Sometimes, Mitski says, it feels like life would be easier without hope, or a soul, or love. But when she closes her eyes and thinks about what’s truly hers, what can’t be repossessed or demolished, she sees love. “The best thing I ever did in my life was to love people,” Mitski says. “I wish I could leave behind all the love I have, after I die, so that I can shine all this goodness, all this good love that I’ve created onto other people.” She hopes her newest album, The Land Is Inhospitable and So Are We, will continue to shine that love long after she’s gone. Listening to it, that’s precisely how it feels: like a love that’s haunting the land.
Love is always radical, which means that it always disrupts, which means that it always takes work to receive it. This land, which already feels inhospitable to so many of its inhabitants, is about to feel hopelessly torn and tossed again – at times, devoid of love. This album offers the anodyne. “This is my most American album,” Mitski says about her seventh record, and the music feels like a profound act of witnessing this country, in all of its private sorrows and painful contradictions. But “maybe it’s beyond witnessing,” she says. At times, it feels like the album is an exercise in negative capability – a fearless embodiment and absorption of the pain of other bodies. When I ask her what the album would look like, if it were a person, she says it would be someone middle-aged and exhausted, perhaps someone having a midlife crisis. But through the daily indignity and exhaustion, something enormous and ecstatic is calling out. In this album, which is sonically Mitski’s most expansive, epic, and wise, the songs seem to be introducing wounds and then actively healing them. Here, love is time-traveling to bless our tender days, like the light from a distant star.
Mitski wrote these songs in little bursts over the past few years, and they feel informed by moments of noticing – noticing a sound that’s out of place, a building that groans in decay, an opinion that splits a room, a feeling that can’t be contained in a body. It was recorded at both the Bomb Shelter in East Nashville and the Sunset Sound Studios in Los Angeles. The album incorporates an orchestra arranged and conducted by Drew Erickson, as well as a full choir of 17 people – 12 in LA and 5 in Nashville – arranged by Mitski. And for the first time, it felt important to Mitski to have a band recording live together in the studio, to create this new sublime sound. Working with her longtime producer Patrick Hyland, the album has a wide-range of references, from Ennio Morricone’s bombastic Spaghetti Western scores to Carter Burwell’s tundra-filling Fargo soundtrack, from the breathy intimacy of Arthur Russell to the strident aliveness of Scott Walker or Igor Stravinsky, from the jubilation of Caetano Veloso to the twangy longing of Faron Young.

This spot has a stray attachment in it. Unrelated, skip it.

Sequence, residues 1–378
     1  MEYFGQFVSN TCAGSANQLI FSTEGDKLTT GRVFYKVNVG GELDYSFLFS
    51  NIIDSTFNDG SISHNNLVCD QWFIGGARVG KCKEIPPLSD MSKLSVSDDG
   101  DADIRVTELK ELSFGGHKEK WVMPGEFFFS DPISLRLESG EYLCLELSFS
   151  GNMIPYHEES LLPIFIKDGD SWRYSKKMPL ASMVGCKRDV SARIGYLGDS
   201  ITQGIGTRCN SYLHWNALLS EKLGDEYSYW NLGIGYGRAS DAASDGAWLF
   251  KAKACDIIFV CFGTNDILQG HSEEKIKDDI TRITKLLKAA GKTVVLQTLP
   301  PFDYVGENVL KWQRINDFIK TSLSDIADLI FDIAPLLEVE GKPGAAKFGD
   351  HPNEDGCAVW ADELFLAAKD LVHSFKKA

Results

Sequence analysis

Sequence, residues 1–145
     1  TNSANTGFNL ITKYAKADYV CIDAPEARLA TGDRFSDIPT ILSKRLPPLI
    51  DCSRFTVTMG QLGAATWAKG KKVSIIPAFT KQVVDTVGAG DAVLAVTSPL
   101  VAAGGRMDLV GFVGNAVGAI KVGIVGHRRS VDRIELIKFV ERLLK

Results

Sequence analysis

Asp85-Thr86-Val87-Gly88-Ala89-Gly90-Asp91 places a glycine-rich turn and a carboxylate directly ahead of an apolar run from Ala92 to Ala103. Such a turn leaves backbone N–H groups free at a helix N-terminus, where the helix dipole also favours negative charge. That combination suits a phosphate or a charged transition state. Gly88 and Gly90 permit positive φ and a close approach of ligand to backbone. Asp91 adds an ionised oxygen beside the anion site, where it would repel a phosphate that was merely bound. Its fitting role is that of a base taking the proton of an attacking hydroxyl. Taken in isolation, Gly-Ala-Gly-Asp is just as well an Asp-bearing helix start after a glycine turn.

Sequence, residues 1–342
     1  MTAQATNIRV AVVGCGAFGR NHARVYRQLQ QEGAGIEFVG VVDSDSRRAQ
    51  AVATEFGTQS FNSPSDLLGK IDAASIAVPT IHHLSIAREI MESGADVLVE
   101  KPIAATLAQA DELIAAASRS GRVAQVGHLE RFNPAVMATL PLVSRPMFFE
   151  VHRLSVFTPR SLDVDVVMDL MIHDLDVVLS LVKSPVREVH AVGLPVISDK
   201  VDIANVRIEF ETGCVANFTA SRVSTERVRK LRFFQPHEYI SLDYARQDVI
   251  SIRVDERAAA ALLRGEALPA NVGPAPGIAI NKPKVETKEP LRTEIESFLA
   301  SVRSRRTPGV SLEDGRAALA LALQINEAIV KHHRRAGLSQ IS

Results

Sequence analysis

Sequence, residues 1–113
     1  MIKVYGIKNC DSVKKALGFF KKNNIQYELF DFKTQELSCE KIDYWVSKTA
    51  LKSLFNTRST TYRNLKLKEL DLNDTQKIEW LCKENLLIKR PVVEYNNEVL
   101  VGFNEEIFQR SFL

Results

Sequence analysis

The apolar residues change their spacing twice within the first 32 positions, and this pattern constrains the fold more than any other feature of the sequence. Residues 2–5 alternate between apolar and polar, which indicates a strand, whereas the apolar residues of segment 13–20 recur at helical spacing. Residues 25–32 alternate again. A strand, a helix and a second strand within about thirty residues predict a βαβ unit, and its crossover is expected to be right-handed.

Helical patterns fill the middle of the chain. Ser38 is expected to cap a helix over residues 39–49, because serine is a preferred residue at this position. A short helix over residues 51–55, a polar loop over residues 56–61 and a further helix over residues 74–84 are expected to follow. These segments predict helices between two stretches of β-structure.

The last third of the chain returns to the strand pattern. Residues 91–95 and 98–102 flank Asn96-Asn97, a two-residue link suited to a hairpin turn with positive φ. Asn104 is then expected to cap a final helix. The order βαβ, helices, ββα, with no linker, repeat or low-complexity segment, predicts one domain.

“I don’t have a self,” Mitski observes. “I have a million selves, and they’re all me, and I inhabit them, and they all live inside me.” Loving all of these selves does not yield the easy burst of a pop song. It’s the “long, complex, deep love, that you can never get to the end of, that’s always evolving, like a person. And there’s just no end to it. It feels like space travel.” The album is full of the ache of the grown- up, seemingly mundane heartbreaks and joys that are often unsung but feel enormous. It’s a tiny epic. From the bottom of a glass, to a driveway slushy with memory and snow, to a freight train barreling through the Midwest, and all the way to the moon, it feels like everything, and everyone, is crying out, screaming in pain, arching towards love.
Maybe this is what our best artists do: take a spaceship into the furthest reaches of pain, in order to bring back the elixir that we already had inside us. The unknowable known of love. “You have to go to both worlds all the time,” Mitski says, by which she means the mysterious world of making and the brutal world of living. This album is an act of hyperlocal space travel. Love is that inhospitable land, beckoning us and then rejecting us. To love this place — this earth, this America, this body — takes active work. It might be impossible. The best things are.